]. Yang et al.
found an association between polymorphisms in mannose binding lectin-2 and admissions for COPD exacerbations in 82 patients from the UK [52
]; the variants were not associated with COPD susceptibility. Takabatake and colleagues found a SNP in the chemokine (C-C motif) ligand 1 (CCL1
) gene to be associated with clinically determined exacerbations over a 2-year period in 276 male Japanese COPD patients [53
]. In 389 subjects from NETT, Foreman et al.
found association between multiple SNPs in surfactant protein B (SFTPB
) and COPD-related emergency room visits or hospital admissions [54
]. Other COPD genetics studies have examined exacerbations as a secondary outcome. SNPs in superoxide dismutase-3 (SOD3
) were associated with lower lung function and increased risks of COPD hospitalization and mortality in the population-based Copenhagen City Heart Study [55
]. In a Danish registry, heterozygous carriers of the AAT Z allele (PI MZ) were at increased risk for hospital admission for COPD, but the risk was confined to first-degree relatives of index cases with severe AAT deficiency [56
], indicating that other genetic or shared environmental factors may have contributed to increased exacerbation risk.
In addition to COPD exacerbations, other patient-centered COPD outcomes may have genetic contributions. Our group has identified variants in four genes – microsomal epoxide hydrolase (EPHX1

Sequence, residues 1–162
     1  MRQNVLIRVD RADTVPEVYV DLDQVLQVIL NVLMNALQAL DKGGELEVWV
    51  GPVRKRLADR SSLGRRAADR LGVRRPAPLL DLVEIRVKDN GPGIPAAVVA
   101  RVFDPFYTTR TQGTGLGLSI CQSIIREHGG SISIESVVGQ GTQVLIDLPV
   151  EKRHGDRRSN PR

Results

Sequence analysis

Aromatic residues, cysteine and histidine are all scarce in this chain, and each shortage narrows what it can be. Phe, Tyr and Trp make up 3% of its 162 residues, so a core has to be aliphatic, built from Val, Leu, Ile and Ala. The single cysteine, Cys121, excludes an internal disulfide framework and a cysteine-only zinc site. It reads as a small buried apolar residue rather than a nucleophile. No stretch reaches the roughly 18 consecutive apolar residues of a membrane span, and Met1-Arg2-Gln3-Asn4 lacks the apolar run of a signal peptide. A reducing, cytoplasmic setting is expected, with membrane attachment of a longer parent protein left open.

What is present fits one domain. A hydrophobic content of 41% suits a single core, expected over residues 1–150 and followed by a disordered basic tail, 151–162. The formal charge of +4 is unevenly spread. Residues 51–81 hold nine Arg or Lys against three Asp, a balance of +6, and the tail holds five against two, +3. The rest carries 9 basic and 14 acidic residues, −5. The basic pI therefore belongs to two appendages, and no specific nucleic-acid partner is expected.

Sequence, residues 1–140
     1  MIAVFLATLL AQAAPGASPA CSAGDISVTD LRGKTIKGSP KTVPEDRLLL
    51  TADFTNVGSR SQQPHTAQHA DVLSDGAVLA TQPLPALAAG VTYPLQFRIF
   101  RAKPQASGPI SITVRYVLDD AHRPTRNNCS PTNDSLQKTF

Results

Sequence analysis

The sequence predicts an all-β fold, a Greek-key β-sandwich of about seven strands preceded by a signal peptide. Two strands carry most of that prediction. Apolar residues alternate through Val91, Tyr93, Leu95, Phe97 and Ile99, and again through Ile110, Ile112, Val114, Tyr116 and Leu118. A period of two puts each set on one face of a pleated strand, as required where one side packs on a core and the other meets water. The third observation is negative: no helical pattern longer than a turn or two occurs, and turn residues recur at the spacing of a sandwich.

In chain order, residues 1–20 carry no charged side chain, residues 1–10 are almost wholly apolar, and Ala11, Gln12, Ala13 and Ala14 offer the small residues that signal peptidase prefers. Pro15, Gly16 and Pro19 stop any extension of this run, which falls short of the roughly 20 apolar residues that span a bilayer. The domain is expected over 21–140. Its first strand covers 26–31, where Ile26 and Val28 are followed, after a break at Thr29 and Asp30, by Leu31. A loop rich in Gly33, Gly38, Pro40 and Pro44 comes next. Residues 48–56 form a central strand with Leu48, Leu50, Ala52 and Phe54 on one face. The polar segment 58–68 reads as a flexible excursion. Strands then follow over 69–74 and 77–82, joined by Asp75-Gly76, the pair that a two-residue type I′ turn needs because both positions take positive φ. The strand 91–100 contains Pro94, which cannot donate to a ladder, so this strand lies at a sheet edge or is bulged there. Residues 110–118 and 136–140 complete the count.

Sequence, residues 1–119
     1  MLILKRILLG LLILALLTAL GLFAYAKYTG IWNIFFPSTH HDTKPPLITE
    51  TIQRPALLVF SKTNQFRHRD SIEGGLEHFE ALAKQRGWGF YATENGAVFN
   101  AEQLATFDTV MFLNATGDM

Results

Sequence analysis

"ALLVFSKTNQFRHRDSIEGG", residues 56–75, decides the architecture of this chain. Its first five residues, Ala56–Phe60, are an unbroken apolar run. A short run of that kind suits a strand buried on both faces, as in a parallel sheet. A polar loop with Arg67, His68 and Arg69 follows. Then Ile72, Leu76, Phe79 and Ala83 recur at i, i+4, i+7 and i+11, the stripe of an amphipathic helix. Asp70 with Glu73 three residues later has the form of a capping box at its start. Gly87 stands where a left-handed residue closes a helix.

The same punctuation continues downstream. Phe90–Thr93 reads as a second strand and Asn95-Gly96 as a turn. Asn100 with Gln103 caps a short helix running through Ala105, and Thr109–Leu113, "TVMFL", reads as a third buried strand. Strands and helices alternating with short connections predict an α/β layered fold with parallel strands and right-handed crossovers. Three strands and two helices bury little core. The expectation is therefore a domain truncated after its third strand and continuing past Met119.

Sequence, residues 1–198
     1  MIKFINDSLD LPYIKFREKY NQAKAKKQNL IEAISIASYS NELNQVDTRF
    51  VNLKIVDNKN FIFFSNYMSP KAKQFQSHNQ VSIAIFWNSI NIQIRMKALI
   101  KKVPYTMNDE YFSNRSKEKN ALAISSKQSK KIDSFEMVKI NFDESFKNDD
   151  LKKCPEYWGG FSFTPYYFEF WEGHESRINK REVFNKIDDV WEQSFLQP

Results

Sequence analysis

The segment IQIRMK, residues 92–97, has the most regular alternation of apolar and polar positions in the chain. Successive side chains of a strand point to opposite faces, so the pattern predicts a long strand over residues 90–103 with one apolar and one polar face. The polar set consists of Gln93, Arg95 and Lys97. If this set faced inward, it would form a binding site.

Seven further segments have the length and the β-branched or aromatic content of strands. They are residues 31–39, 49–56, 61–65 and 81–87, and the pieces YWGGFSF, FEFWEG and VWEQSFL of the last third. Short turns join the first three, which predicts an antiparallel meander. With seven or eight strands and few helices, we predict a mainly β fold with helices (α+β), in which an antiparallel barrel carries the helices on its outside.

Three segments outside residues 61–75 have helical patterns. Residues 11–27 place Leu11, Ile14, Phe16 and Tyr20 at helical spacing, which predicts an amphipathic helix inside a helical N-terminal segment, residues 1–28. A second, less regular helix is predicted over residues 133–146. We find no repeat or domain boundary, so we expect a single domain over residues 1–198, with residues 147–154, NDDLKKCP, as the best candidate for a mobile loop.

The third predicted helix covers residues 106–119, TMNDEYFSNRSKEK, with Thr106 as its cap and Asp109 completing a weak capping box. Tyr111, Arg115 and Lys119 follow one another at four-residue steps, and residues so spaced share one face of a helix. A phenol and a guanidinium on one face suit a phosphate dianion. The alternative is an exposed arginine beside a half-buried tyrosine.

and latent TGF-β binding protein-4 (LTBP4
) – that were associated with exercise capacity, dyspnea symptoms and the multidimensional BMI, airflow obstruction, dyspnea and exercise capacity (BODE) score [57
] in 304 patients with severe COPD from NETT [58
]. The association between a promoter SNP in TGFB1
and dyspnea was replicated in the family-based Boston Early-Onset COPD Study.
Quantitative analysis of chest CT scans is useful for determining phenotypes in COPD patients, specifically emphysema and airway wall thickening [59
]. Although it may be clinically silent to patients, the change in the amount of emphysema over serial CT scans may be a marker of a drug's effect and is starting to be used as an outcome in COPD clinical trials [61
]. In a small randomized trial of AAT augmentation therapy, CT densitometry was a more sensitive measure of disease progression than traditional measures, such as decline in lung function [62
]. However, long timeframes and large sample sizes may still be required to detect differences in the rate of change of emphysema on chest CT scans. There is no single ideal phenotype for COPD pharmacogenetics studies; the choice of outcome may depend on the specific treatment considered. COPD exacerbations are a relevant clinical outcome, and studies using this end point may require shorter follow-up times than studies of lung function decline or progression of chest CT emphysema, although the latter may provide important anatomical insight into disease.